Yearender: 2017 in review: 8 terms that matter in China-U.S. relations

Source: Xinhua| 2017-12-23 18:30:01|Editor: Zhou Xin
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by Zhang Chunxiao, Wang Wen and Zheng Jie

NEW YORK, Dec. 23 (Xinhua) -- The year 2017 has been an exciting and action-packed one for China and the United States, with both countries interacting closely at different levels in multiple fields.

The following are eight terms that can offer a sneak peek at the trajectory of China-U.S. ties over the year, and beyond.


In April, Chinese President Xi Jinping and his U.S. counterpart, Donald Trump, met at Mar-a-Lago resort in the U.S. state of Florida, the first such meeting since Trump took office in January.

Disposing with the formality usually seen during state visits, the two leaders spent more than seven hours in two days, discussing issues of importance and charting the course for one of the world's most crucial bilateral ties.

Recent years have seen Chinese and U.S. leaders meeting in relatively informal settings, but this does not make those meetings any less significant.

A personal bond was forged between the two leaders during the Mar-a-Lago meeting, which sent a positive and reassuring message to the world that the two largest economies were seeking constructive cooperation despite their differences.

As Xi said, "There are a thousand reasons to make the China-U.S. relationship work, and no reason to break it."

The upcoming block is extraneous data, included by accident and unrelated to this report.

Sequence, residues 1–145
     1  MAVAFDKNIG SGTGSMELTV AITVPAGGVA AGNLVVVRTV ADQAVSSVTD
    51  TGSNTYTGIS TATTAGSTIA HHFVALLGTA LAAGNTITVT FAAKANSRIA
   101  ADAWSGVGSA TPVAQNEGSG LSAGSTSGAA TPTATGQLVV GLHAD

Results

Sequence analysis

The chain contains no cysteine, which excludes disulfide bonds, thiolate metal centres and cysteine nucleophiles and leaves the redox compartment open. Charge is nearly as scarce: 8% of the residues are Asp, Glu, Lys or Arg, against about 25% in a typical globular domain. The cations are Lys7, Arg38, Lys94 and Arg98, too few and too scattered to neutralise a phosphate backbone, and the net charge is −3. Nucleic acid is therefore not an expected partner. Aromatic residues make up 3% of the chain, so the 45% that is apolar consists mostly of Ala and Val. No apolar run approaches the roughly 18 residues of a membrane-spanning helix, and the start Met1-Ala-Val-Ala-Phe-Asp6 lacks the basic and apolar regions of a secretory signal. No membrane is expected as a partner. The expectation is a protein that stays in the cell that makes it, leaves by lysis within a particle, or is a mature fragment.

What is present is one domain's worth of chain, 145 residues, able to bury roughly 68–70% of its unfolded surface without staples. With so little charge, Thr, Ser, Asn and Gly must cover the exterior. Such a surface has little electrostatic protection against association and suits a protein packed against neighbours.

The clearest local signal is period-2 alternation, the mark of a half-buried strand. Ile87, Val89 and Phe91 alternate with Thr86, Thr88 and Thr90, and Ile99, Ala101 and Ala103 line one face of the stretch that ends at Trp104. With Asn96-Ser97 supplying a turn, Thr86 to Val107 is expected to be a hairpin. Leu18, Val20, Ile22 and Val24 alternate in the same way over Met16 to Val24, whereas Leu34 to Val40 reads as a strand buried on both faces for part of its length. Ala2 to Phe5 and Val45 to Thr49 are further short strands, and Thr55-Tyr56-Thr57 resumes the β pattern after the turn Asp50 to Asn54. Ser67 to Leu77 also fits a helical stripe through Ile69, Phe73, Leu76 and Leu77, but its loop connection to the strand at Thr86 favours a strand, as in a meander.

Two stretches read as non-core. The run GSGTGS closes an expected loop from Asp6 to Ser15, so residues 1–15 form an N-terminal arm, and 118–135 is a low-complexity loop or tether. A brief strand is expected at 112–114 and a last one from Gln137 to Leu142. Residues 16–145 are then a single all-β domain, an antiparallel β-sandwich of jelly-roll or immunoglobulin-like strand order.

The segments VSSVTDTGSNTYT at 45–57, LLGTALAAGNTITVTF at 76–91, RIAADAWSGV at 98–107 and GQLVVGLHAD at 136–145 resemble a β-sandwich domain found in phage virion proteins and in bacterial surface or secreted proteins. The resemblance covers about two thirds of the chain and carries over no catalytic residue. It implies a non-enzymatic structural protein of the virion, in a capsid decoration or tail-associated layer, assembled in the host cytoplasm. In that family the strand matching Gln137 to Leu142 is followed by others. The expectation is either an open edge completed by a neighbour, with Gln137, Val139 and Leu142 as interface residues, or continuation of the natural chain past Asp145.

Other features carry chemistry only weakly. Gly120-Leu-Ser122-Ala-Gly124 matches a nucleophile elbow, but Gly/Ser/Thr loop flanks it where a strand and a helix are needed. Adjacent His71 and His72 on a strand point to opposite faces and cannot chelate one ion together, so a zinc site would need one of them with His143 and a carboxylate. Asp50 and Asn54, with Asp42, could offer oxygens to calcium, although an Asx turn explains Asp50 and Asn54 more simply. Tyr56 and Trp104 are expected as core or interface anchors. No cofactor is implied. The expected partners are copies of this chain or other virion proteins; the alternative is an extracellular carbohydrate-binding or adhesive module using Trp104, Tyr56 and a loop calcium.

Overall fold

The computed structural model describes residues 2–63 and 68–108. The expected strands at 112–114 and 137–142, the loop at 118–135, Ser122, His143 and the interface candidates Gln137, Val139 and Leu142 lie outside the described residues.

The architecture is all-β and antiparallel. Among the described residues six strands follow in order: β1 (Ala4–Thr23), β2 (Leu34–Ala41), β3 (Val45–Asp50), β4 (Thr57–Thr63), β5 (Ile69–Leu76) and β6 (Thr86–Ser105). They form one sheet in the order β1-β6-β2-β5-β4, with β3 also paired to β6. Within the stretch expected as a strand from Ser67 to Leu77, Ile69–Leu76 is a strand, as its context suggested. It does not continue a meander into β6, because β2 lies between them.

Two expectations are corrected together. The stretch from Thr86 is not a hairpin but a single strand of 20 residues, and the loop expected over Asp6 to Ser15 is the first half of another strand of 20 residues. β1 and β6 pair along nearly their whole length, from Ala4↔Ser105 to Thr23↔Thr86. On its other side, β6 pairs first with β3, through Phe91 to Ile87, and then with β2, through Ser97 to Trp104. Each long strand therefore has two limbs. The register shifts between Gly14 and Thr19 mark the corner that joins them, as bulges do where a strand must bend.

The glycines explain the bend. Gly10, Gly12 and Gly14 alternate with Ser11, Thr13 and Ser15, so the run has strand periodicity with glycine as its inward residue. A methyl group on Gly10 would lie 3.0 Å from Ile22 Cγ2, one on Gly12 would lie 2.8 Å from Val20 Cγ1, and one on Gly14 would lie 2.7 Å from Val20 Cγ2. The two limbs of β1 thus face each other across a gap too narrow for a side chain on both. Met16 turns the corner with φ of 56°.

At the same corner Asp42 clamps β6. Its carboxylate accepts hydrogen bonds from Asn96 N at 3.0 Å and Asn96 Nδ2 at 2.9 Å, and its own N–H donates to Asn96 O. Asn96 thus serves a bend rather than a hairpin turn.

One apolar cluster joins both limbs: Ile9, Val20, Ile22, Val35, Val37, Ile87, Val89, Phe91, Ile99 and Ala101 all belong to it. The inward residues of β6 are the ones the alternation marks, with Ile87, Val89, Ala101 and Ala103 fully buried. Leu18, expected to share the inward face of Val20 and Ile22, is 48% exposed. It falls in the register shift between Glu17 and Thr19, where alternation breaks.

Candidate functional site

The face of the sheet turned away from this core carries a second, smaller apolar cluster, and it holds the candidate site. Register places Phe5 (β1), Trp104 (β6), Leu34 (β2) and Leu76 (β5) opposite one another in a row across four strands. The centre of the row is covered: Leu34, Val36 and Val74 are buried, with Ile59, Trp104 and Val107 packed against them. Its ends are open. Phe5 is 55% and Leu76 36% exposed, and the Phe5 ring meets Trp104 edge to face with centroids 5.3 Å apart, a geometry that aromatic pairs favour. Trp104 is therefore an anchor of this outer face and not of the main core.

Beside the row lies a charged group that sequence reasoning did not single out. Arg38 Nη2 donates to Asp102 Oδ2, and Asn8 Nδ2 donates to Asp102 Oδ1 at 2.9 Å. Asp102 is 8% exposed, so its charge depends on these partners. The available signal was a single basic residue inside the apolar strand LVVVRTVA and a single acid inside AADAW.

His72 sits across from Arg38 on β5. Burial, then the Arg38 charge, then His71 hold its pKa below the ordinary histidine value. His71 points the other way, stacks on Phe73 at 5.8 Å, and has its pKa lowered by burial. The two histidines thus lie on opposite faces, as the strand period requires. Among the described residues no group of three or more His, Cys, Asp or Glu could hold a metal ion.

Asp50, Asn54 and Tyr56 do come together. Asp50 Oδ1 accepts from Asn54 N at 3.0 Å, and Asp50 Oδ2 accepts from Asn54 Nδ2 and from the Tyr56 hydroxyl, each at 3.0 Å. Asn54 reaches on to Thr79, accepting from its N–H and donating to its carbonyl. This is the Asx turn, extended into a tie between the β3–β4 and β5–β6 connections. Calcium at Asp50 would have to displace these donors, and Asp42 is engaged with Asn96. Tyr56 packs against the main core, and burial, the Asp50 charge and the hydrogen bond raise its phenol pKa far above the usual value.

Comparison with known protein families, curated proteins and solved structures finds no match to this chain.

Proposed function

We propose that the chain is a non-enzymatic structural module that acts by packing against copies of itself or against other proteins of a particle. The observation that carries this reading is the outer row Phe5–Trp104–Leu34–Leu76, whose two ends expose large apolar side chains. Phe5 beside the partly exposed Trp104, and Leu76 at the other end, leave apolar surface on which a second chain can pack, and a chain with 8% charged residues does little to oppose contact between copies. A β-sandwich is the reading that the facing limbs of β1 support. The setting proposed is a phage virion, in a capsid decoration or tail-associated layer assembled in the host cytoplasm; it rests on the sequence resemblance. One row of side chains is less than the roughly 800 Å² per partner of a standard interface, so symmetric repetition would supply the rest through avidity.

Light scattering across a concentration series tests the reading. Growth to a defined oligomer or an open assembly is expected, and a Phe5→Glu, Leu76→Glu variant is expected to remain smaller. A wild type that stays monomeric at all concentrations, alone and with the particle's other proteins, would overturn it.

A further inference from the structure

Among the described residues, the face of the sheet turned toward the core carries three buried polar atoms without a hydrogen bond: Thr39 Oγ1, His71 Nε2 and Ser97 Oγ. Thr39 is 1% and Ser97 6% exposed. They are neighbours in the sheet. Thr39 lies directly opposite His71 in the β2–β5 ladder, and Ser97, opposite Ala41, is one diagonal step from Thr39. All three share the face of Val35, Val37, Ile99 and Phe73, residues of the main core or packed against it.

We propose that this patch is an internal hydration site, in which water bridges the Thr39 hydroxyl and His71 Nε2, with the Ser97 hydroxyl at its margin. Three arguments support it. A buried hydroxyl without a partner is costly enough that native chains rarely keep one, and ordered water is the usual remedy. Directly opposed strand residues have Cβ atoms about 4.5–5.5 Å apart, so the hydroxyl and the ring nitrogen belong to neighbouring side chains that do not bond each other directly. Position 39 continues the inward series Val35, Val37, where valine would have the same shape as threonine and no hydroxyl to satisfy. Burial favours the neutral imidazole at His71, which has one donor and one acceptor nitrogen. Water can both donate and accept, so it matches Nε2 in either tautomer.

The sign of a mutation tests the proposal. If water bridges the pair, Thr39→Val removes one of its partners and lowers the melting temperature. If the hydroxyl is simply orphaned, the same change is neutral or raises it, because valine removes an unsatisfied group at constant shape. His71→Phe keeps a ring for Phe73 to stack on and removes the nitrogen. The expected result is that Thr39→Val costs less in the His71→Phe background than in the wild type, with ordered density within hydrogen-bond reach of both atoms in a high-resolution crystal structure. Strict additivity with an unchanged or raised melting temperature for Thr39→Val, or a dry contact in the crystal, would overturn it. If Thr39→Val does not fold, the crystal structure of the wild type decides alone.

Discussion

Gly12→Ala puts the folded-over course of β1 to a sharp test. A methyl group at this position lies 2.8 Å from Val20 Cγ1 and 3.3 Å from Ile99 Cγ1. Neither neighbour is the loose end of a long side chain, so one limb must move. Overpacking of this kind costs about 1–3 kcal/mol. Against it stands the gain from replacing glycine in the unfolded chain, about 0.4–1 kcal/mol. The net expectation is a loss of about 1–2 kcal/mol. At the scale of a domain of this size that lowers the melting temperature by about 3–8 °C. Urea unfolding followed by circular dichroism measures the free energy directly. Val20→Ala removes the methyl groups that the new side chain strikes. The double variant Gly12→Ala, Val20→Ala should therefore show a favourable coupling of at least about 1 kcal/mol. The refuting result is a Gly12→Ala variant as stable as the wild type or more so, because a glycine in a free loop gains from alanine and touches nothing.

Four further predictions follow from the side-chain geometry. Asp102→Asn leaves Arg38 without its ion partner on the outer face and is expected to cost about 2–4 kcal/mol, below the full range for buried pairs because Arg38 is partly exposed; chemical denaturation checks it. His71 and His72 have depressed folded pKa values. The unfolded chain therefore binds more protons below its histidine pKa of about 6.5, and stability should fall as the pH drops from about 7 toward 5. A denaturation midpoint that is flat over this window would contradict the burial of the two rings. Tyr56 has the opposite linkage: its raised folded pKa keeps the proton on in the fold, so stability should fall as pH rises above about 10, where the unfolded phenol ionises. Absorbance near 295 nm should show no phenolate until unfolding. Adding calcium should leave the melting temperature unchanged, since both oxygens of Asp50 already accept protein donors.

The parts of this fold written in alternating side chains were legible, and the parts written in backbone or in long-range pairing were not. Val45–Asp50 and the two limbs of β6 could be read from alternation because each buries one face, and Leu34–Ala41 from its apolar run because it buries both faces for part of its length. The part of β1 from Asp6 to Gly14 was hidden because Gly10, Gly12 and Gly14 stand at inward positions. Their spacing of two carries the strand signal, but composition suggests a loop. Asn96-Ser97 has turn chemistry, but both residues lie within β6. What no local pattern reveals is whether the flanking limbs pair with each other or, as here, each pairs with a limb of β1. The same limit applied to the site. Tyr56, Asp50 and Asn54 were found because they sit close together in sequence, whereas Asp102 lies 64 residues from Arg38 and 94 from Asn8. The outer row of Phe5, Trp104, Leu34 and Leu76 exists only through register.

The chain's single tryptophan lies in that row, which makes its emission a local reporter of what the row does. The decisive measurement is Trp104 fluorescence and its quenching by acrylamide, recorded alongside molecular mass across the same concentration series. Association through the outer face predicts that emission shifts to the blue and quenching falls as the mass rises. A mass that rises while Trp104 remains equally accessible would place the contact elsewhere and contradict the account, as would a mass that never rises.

On Nov. 8, Trump started his first state visit to China. He was also the first head of state to have visited China since the 19th National Congress of the Communist Party of China in October.

Trump was offered a "state visit plus" experience in China. Apart from the red-carpet ceremony, formal talks and state banquet, there were also special arrangements for Mr. and Mrs. Trump, including a tour of the Palace Museum with President Xi and his wife Peng Liyuan.

The First Family enjoyed a tea break, a stop at a relics conservation workshop and a Peking Opera performance at the Palace Museum, also known as the Forbidden City.

"THANK YOU for an unforgettable afternoon and evening at the Forbidden City in Beijing, President Xi and Madame Peng Liyuan," Trump tweeted shortly afterwards. He also briefly changed his Twitter header to a photo of the two couples with a group of Peking Opera performers.

During Trump's stay in China, the two leaders spent more than 10 hours together, comparing notes on a wide array of issues of common concern. Extensive consensus was reached and their personal rapport strengthened.